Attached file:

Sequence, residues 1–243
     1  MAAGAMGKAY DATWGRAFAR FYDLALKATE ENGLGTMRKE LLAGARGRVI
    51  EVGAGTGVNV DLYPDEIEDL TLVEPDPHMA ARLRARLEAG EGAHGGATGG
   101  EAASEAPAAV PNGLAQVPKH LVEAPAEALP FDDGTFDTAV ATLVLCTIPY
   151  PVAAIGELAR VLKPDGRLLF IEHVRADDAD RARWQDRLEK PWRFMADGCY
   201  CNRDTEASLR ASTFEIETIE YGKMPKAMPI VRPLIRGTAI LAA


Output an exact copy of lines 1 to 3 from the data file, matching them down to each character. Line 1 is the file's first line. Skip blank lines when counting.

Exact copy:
Sequence, residues 1–243
     1  MAAGAMGKAY DATWGRAFAR FYDLALKATE ENGLGTMRKE LLAGARGRVI
    51  EVGAGTGVNV DLYPDEIEDL TLVEPDPHMA ARLRARLEAG EGAHGGATGG